Food/Ag/Beverage

 

The turnout to the event itself was strong – the auditorium at the Carlson School of Management was packed with an engaged audience. A combination of judges, mentors, other entrepreneurs, and general enthusiasts filled the seats which made for a high-energy platform. With just one minute each, the live pitches were a perfect glimpse into the story behind the business and a quick opportunity to “give a face to the name” of the entrepreneur. The semi-finalists in our division represent a wide range of products and solutions and they maximized their 60 seconds. I have to say, I walked away pretty excited about what I saw within the top 10!

WHAT’S NEXT

Over the next 60 days, the semi-finalists will be in the thick of the season – getting paired with local mentors (one of the benefits most highly spoken of by past participants), working on their next round of submission materials and taking part in education seminars offered through the program. The next milestone is August 22, where the the top 10 semi-finalists will compete in a division-wide “Pitch Slam”. During the event, JTM will announce the recipient for this years’ JTM Scale award, $25,000 of advertising expertise and brand development resources in an effort to help propel one of these great brands forward. We’re excited to see how this season shapes up – so far, it’s looking like it will be pretty fierce!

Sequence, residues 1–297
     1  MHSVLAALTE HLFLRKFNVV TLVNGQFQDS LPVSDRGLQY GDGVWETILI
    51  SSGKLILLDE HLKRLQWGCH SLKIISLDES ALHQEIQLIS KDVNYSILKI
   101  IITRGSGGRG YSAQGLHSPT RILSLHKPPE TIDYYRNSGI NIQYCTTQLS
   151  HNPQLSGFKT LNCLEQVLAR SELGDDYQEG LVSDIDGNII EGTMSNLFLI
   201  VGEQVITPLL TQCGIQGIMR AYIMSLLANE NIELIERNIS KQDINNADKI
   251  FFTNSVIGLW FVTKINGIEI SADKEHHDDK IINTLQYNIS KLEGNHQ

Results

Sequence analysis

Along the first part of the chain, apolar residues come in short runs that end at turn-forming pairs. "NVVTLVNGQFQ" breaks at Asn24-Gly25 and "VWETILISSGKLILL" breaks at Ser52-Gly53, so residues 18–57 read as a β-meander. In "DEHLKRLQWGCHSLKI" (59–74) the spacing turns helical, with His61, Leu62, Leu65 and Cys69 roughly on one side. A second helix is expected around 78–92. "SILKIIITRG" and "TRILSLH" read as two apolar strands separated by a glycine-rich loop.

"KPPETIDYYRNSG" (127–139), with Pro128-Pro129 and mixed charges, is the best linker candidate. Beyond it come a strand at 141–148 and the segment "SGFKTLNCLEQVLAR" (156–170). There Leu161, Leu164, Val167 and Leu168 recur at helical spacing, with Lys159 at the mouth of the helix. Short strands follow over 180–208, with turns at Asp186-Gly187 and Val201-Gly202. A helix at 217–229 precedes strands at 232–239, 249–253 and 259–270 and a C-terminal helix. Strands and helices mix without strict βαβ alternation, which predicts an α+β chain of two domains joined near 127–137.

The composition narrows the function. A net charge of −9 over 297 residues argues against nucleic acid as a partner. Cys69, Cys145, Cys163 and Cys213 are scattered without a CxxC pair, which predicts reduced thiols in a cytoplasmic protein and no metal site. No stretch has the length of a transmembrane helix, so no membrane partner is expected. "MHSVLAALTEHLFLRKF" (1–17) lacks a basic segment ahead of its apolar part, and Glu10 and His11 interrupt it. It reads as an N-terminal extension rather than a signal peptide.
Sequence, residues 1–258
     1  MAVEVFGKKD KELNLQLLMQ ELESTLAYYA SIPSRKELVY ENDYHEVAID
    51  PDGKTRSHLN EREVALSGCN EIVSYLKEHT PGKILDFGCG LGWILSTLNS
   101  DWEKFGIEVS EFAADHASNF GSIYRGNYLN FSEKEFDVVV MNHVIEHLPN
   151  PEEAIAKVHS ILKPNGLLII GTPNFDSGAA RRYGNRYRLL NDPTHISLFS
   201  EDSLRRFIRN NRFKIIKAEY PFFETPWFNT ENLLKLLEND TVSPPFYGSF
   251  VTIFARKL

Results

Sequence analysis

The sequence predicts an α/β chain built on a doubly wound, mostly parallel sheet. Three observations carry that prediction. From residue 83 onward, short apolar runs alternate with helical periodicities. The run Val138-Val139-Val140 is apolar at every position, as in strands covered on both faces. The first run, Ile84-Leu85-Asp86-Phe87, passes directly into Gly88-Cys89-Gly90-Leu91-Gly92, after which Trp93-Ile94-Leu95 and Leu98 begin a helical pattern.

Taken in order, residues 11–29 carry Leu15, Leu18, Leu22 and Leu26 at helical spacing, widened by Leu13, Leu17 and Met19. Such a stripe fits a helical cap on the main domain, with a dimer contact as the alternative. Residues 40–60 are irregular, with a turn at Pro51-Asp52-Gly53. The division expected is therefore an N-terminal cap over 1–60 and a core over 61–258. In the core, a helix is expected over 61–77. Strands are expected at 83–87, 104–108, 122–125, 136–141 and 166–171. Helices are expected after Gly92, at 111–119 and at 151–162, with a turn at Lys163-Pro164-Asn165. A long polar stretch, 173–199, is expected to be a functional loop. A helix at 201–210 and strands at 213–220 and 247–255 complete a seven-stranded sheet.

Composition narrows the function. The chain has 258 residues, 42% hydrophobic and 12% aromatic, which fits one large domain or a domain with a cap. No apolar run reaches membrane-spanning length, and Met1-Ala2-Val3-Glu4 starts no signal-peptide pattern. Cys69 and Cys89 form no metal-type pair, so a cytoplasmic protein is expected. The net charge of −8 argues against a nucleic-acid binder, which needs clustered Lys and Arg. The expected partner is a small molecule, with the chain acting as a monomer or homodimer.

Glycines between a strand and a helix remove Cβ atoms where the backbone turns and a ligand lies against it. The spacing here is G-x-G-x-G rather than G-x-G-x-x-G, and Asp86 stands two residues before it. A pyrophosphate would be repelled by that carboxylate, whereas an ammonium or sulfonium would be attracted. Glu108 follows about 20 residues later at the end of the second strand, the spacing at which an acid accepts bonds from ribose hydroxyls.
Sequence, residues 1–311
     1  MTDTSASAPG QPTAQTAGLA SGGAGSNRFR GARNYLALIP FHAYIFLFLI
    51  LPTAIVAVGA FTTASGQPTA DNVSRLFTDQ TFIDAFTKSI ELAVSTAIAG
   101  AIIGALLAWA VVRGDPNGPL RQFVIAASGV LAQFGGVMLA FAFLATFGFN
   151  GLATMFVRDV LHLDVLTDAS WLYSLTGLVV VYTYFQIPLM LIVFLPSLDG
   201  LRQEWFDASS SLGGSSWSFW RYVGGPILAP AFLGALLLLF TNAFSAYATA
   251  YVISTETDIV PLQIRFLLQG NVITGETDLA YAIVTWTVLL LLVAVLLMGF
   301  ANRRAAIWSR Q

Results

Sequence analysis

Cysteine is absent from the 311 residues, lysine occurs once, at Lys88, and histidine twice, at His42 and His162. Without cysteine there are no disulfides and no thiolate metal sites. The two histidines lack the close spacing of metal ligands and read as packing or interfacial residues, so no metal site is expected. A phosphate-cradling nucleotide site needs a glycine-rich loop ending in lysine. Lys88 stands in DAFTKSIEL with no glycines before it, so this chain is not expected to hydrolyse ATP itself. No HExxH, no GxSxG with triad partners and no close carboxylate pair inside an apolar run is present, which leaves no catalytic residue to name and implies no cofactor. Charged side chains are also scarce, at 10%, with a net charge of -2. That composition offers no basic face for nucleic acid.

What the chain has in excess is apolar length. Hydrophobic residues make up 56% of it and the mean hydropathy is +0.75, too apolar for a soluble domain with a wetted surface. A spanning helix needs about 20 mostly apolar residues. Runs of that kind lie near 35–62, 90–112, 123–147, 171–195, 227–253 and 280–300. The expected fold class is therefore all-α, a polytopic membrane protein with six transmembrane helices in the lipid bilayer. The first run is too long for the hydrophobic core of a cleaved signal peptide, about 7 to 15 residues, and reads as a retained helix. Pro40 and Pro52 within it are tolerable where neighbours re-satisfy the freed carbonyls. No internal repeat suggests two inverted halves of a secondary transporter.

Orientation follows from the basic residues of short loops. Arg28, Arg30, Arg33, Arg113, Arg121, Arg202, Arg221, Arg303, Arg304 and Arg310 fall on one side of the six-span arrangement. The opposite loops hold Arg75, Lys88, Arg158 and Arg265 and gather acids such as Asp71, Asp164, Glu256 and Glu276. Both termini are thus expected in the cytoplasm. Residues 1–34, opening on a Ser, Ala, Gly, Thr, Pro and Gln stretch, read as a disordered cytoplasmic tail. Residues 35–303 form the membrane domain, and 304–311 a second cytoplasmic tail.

[1]“2019 Semifinalists.” MN Cup. University of Minnesota. May 30, 2019.

 

AI + Food

Do you know what you’re having for dinner tonight? Do you know where you’d like to go out to lunch for that birthday celebration coming up in February? How about what new and exciting menu item you might venture out on a limb to try at a restaurant next summer? I honestly can’t answer a single one of these questions and of course, that’s not really the point. What matters is that our hyper-personal flavor preferences are changing at a rapid rate and food manufacturers could benefit from understanding not just what they are today, but to have some indicators of what they might be in the future. That is just one of many – slightly unexpected – ways that artificial intelligence (AI) may come into play in the industry.

WHAT’S HAPPENING